But Chou is concerned these billionaires’ work runs the very serious risk of importing the same preconceived notions and biases that colonists have brought with them for millennia. To subvert the old aphorism that trade follows the flag, he is raising capital from a syndicate of MIT grads to build his next project, Foundation Coin, a new category of digital assets that like bitcoin doesn’t rely on any government, and depending on your interpretation of the law, finally and truly escapes the reach of those meddling regulators. But unlike bitcoin, Foundation is being designed from the ground up to settle transactions on any planet (or moon) in the Solar System. If successful, when the first bodega, or brothel, or bank sets up shop on the moon or Mars—or any other planet surrounding the sun—it will have a new kind of money, void of colonial baggage, ready and waiting.
“Mars is a unique, blank slate starting point where we can try something from scratch,” says Chou. “So we should treat it as such, and then take all the advantages and use that speed that’s going to be necessary for those intrepid people that go there to move as quickly as possible. And we just need a financial bridge to do it.”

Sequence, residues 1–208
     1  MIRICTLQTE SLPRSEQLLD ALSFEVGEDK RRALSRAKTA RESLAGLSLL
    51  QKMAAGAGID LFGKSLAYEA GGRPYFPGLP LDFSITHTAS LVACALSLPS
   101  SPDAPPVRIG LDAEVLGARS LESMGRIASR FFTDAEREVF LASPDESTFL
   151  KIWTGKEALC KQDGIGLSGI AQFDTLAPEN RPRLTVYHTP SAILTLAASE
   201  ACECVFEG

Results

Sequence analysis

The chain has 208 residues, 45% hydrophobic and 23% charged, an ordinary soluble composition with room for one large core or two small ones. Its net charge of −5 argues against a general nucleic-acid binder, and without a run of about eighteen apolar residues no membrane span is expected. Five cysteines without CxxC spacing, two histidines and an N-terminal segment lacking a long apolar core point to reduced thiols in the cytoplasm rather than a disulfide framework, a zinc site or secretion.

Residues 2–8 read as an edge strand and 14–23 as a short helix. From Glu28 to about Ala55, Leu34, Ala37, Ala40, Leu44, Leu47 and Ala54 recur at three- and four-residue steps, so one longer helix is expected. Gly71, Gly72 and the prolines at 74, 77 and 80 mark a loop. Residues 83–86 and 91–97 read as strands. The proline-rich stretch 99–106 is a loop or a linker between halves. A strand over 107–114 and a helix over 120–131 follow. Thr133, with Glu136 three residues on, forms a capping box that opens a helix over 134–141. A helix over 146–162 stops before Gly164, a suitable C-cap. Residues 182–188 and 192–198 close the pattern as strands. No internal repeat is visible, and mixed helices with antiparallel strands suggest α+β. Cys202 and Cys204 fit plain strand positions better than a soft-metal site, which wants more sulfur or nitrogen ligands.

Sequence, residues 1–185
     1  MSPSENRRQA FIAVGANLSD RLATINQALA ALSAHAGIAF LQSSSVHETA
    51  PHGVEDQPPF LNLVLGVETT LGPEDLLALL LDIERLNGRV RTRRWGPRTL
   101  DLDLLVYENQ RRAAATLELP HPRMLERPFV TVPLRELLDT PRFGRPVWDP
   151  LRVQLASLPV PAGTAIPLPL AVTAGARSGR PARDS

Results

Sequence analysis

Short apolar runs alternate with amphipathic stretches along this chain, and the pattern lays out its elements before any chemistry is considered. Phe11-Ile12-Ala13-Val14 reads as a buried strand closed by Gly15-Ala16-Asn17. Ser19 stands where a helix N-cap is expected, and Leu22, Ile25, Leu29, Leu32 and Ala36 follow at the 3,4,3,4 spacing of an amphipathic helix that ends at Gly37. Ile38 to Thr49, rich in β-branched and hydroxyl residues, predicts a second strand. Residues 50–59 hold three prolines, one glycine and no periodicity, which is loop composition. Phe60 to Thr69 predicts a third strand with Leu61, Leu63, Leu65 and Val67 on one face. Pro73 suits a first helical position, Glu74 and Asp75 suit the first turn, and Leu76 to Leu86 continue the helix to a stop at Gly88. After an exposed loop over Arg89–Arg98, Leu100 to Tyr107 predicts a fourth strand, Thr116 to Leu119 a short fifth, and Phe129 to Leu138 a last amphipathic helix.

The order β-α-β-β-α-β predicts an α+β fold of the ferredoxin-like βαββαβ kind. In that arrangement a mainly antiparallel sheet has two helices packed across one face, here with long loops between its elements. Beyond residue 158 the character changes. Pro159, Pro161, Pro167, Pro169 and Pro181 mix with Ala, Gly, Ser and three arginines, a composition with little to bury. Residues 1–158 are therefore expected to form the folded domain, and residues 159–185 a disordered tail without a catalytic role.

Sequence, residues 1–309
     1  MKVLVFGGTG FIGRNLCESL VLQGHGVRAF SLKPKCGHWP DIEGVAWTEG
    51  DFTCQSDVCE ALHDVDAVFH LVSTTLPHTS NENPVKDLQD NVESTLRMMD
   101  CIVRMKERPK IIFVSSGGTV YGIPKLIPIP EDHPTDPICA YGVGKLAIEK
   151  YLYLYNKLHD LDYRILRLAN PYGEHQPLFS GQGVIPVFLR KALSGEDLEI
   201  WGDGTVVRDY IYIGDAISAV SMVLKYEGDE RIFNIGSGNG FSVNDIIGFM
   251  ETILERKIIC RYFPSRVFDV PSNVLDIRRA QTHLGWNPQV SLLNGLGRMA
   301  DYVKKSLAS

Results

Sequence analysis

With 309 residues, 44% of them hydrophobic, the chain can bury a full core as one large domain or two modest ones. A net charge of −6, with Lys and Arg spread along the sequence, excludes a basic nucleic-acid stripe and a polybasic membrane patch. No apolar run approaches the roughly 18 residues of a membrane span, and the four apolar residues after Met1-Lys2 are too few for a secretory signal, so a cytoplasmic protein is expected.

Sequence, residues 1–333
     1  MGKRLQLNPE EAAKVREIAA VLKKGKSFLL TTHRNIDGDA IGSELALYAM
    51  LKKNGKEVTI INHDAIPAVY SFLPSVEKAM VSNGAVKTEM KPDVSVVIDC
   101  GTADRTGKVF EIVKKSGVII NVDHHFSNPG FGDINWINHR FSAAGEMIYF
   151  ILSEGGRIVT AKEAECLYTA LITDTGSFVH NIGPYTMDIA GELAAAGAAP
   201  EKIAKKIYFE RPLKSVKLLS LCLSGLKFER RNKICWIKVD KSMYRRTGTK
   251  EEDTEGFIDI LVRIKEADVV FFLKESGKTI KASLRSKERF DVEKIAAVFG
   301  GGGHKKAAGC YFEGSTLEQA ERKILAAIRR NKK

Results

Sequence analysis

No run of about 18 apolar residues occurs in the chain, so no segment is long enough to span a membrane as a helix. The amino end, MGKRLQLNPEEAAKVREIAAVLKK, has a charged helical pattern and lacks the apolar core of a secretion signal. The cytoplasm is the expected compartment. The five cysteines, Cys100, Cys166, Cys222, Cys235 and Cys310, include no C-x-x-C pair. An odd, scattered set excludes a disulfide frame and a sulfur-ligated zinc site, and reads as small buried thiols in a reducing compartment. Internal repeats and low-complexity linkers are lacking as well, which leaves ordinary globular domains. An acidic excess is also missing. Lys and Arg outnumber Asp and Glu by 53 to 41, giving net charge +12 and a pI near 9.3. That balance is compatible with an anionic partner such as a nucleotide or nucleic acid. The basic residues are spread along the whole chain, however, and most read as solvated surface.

In the vacuum that resulted from Chou being forced out of LedgerX in 2019, he started looking anew at an old idea he’d dabbled with years before, called StarCoin. What began as an idea to use starlight to create a unique cryptocurrency key by pegging each oscillation of a light wave to a one or a zero, slowly evolved into an idea for a constellation of satellites that would let anyone spend bitcoin without an internet signal, before settling into a new kind of cryptocurrency that could be spent on any planet in the solar system.
While it takes less than a second for light to travel around the Earth, making it relatively easy to sync up transactions on a terrestrial distributed ledger, it takes an average of 28 minutes for a signal to reach Mars, making it impossible using current tech to ensure the same cryptocurrency isn’t spent on two planets at once. It’s called the double-spend problem.
After helping a few LedgerX staffers who lost their jobs in the weeks following his ouster Chou booked a hotel room in Atlantic City and held a brainstorming session on a whiteboard away from the chaos of New York. “We did math and crypto in a suite,” says Chou. “Then played blackjack at night.” The result was a new kind of consensus mechanism that takes into account the time it takes for light to travel from planet to planet at any given point in their orbits around the sun.
“We know how the speed of light works depending on how close Mars is to Earth at any given point,” he says. “Now it’s a coding problem.”